The most obvious giveaway of a reflexive verb is the presence of reflexive pronouns like mich, dich, sich, uns, euch. If you see one of these pronouns in a sentence, chances are it’s a reflexive verb!

If you see a pronoun like “sich” immediately following a verb, it’s likely a reflexive verb. Some verbs are exclusively reflexive, meaning they only make sense when used with a reflexive pronoun: sich freuen (to be happy/glad), sich beeilen (to hurry up). More on these later.

5. Learn German reflexive verb conjugation

Conjugating reflexive verbs in German follows the same pattern as regular verbs, but you need to add the appropriate reflexive pronoun (mich, dich, sich, uns, euch) to each conjugated form.

It’s really not that hard!

Here’s how you can conjugate reflexive verbs in the present tense:

SubjectConjugated Verb + Reflexive Pronoun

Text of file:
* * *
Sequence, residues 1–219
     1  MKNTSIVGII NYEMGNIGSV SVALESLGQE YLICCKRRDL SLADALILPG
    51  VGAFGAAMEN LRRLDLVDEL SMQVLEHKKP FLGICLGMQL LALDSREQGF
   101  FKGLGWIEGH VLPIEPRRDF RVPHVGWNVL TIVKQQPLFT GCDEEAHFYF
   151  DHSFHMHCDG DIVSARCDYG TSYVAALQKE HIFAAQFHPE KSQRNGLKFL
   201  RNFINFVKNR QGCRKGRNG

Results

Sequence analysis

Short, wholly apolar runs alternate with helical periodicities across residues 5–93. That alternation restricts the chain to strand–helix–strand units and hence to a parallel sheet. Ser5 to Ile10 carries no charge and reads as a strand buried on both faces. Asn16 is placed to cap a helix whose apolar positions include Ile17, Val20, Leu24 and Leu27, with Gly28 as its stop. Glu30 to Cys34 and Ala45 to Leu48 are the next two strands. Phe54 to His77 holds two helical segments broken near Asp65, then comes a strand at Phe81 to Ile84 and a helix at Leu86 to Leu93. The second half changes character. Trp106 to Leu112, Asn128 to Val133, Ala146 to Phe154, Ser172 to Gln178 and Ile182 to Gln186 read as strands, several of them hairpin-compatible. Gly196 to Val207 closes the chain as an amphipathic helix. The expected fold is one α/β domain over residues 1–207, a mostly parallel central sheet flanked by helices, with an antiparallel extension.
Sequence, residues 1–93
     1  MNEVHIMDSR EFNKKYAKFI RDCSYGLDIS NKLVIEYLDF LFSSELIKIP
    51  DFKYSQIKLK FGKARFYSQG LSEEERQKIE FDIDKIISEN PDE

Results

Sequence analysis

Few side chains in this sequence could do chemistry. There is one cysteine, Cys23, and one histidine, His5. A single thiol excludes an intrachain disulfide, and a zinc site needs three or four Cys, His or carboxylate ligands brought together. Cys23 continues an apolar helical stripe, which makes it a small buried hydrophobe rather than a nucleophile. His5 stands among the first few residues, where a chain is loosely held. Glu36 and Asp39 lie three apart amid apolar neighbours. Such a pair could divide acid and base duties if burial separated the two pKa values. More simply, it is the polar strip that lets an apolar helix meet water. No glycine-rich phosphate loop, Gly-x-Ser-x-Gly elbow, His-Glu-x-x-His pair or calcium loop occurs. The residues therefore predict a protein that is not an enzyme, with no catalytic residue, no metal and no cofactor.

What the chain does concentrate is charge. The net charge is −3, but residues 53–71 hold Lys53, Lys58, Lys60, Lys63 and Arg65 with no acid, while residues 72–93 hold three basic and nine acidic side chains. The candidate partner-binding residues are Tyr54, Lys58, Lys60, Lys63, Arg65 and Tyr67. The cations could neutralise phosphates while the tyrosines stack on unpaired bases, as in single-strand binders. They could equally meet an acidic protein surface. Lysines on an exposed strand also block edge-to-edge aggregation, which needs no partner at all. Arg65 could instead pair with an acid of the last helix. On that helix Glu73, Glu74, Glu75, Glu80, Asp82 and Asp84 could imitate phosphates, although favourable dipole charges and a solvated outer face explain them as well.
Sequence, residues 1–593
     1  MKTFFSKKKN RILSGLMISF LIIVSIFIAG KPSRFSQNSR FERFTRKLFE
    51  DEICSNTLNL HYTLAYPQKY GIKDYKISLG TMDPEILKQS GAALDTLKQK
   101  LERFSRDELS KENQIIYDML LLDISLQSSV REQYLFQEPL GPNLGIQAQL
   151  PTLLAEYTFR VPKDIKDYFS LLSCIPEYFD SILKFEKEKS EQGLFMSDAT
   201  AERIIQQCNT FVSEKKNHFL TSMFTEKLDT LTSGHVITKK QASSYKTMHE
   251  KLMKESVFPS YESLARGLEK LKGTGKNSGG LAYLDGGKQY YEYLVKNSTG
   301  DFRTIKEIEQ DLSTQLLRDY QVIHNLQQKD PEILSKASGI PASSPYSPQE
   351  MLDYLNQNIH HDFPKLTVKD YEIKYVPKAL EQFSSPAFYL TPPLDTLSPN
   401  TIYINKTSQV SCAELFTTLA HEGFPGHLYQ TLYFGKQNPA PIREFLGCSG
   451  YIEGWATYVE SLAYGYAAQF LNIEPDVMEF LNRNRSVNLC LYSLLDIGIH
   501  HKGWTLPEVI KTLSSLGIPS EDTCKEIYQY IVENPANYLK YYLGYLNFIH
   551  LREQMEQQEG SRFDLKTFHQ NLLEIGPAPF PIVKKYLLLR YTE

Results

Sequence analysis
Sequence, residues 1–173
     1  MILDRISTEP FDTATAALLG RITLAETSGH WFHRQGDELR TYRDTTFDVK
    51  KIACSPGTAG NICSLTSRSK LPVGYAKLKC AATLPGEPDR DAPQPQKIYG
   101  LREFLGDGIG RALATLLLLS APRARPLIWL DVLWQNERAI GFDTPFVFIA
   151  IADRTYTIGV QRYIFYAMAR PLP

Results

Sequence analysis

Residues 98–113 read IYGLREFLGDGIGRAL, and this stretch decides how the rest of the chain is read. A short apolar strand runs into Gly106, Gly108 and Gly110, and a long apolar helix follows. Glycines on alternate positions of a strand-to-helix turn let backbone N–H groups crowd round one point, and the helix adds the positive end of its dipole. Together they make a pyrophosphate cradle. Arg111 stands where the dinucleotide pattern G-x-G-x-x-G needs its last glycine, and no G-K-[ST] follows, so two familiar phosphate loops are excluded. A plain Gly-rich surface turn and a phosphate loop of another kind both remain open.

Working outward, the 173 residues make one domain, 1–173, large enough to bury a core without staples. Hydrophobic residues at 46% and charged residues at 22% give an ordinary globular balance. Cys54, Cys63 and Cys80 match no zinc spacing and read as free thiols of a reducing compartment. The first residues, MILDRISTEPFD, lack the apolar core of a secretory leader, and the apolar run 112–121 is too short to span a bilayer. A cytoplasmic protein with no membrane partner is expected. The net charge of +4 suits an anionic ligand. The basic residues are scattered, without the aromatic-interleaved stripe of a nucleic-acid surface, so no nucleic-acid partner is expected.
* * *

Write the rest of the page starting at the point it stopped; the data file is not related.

ichwasche mich
duwäschst dich
er/sie/eswäscht sich
wirwaschen uns
ihrwascht euch
sie/Siewaschen sich

The same pattern applies to all other tenses and verb forms (future, subjunctive, etc.). Always conjugate the verb first, and then add the appropriate reflexive pronoun based on the subject.

6. The most common reflexive verbs in German

In the next table you’ll see, Effortless Conversations gathered the most common reflexive verbs in German. You can check them because they are about different topics and contexts – like the ones we already mentioned in this blog post.

What’s even better is that there are example sentences with lexical chunks, so you can practice Conversation Based Chunking while reading these German sentences.

What is Conversation Based Chunking? Well, it’s a good starting point for learning and practicing these essential reflexive verbs. Sign up now to learn more!

Reflexive VerbMeaningExample
sich waschento wash oneselfIch wasche mich jeden Morgen. (I wash myself every morning.)
sich anziehento get dressedEr zieht sich schnell an. (He gets dressed quickly.)
sich beeilento hurry upWir müssen uns beeilen, sonst verpassen wir den Zug. (We must hurry up, otherwise we’ll miss the train.)
sich freuento be happy/gladIch freue mich auf die Ferien. (I’m looking forward to the holidays.)